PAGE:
At the center of Barth’s harsh critique of Pannenberg’s Grundzuge der Christologie (the original German edition of Jesus- God and Man) was his christology “from below”. I’m only a couple chapters into the book, but I can see how Pannenberg’s method (and its inherent critique of Barth’s “christology from above to below” would make the great Karl Barth bristle!
Here is how Pannenebrg explains the distinction between these two approaches to Christology:
For Christology that begins “from above,” from the divinity of Jesus, the concept of the incarnation stands in the center. A Christology “from below,” rising from the historical man Jesus to the recognition of his divinity, is concerned first of all with Jesus’ message and fate and arrives only at the end at the concept of the incarnation.
(JGM, p. 33)
He procedes to use Karl Barth as the prime modern example of “Christology from above”:
The Christological procedure “from above to below” is followed in modern Protestant dogmatics by Karl Barth especially. He speaks about a “history of the incarnation: the Son of God goes into what is foreign, into humiliation, by becoming a man, uniting himself with the man Jesus (CD, IV/1, § 59). This connection means at the same time an inexpressible exaltation for the man Jesus to whose lot it fell (CD, IV/2, § 64: “the exaltation of the Son of Man”). Here, Barth has combined two doctrines which were distinguished in the orthodox Protestant dogmatics of the seventeenth century: on the one hand, the doctrine of Jesus as man and God, the so-called doctrine of the two natures, and on the other, the doctrine of the humiliation and exaltation of the incarnate Son of God as two consecutive stages along Jesus’ path. By combining these two themes, Barth comes closer to the basic outline of the Gnostic redeemer myth than is necessarily characteristic of an incarnational Christology that is constructed “from above to below”: the descent of the redeemer from heaven and his return there. This is also the basic concept of Barth’s Christology. He thinks not only about an event of incarnationi but about a circle consisting of descent and ascent. The difference in Barth, as in all of the church’s Christology, is that the redeemer redeems not himself but man as a being essentially different from God. Further, Barth adds the feature that the humiliation of God is at the same time the exaltation of the man who is thereby united to him and conversely.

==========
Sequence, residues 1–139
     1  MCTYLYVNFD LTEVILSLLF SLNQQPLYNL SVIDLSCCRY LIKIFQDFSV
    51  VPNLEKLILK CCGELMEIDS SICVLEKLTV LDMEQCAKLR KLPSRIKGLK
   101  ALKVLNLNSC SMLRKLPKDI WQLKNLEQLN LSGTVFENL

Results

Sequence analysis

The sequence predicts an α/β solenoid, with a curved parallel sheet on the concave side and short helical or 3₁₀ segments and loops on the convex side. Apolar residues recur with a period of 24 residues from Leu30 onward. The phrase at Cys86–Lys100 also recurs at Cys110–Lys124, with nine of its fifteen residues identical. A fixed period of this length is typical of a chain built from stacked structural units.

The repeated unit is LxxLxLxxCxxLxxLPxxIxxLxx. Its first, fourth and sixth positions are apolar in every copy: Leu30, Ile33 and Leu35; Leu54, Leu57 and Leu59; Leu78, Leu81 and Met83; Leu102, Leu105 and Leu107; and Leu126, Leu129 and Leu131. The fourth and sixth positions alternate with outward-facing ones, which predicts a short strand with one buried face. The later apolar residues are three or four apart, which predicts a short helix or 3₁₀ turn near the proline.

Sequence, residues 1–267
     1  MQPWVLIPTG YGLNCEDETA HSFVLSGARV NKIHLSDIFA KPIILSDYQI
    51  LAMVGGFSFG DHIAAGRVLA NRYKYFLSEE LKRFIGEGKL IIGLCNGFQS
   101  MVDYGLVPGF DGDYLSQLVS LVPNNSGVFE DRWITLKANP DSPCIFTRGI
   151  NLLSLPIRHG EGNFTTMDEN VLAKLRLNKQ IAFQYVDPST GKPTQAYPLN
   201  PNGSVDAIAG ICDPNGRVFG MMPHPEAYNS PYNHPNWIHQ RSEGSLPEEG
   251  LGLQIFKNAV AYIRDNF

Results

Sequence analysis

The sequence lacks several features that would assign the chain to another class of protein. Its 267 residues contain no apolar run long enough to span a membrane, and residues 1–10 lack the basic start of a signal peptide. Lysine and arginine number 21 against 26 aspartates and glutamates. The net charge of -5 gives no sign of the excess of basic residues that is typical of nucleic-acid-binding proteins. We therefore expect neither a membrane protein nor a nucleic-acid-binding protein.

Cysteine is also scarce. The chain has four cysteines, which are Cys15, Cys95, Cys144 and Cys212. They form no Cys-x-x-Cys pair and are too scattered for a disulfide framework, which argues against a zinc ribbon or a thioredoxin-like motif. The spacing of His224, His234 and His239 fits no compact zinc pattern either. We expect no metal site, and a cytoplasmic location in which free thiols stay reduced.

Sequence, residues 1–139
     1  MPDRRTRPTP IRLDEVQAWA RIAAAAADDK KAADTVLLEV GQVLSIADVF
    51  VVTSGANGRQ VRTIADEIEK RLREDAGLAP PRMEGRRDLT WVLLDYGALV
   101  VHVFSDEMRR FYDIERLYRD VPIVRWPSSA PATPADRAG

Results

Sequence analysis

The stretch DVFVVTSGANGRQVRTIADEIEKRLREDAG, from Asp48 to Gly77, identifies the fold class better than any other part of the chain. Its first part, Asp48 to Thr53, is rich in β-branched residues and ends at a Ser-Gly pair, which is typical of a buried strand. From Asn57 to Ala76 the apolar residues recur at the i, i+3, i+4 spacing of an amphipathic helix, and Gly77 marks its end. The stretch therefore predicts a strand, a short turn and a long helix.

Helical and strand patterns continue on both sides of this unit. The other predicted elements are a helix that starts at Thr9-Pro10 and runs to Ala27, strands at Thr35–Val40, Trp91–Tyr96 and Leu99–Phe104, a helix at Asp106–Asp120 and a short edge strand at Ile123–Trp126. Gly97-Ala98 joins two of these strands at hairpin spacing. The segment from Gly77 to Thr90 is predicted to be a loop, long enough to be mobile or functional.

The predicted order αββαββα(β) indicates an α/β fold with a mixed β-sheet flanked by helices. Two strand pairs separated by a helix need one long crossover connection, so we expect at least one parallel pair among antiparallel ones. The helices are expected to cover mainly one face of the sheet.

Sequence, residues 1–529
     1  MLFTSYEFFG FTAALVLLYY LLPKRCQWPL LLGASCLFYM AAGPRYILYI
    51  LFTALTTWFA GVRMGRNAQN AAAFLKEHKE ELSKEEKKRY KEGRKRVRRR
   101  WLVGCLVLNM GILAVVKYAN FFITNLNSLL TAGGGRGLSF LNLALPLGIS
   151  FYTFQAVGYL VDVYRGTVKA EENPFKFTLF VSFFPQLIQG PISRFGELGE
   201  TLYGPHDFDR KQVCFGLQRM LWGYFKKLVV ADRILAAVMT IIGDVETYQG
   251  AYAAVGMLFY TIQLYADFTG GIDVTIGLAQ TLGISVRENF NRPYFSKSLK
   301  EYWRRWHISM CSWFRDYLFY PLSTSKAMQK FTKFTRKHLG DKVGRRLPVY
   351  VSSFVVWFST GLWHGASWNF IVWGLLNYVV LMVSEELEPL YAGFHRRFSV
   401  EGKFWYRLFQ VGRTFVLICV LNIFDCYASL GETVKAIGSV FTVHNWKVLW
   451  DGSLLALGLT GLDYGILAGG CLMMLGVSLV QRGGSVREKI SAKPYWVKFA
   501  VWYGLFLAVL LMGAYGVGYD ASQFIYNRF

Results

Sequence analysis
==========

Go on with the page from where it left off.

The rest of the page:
(JGM, p 33-34)
Pannenberg gives three reasons why a “Christology from above” is not feasible for us (summarized from JGM p. 34-35):
1) Christology from above presupposes the divinity of Jesus, causing us to neglect the most important task of christology: establishing reasons for the confession of Jesus’ divinity.
2) Christology from above isn’t sufficiently connected to the features we know about the historical person, Jesus of Nazareth. What we know about his life and teachings does little to inform our doctrine.
3) We are historically limited human beings who cannot escape that limitation. In order to develop a Christology “from above” we would need the perspective of God!
Even in outline, this is a very strong critique! I cut my theological teeth reading the works of N.T. Wright; Jesus and the Victory of God (JVG), one of my personal favorites, seems to me to be a similar “christology from below” to that of Pannenberg. My initial sense is that there is some value to both methods – perhaps they can meet in the middle? I worry that “christology from below” might on its worst days become too apologetically oriented (which often times isn’t about truth at all, but about reinforcing what we already believe to be true). On the other hand Christology “from above” gets into trouble when it is not connected to history (which might as well mean: not connected to reality).
Moltmann has some insights on this topic in The Crucified God. I hope to do a post or two from that angle in the next few days.
I’m enjoying this book so far… Like other similar books it can be dense at times, but on the whole I find him to be more comprehensible than Barth and more straightforward than Moltmann. I have the feeling that when I get to the end of JGM I’ll have a good idea of what Pannenberg “really” thinks, and I cannot always say the same thing about Molty!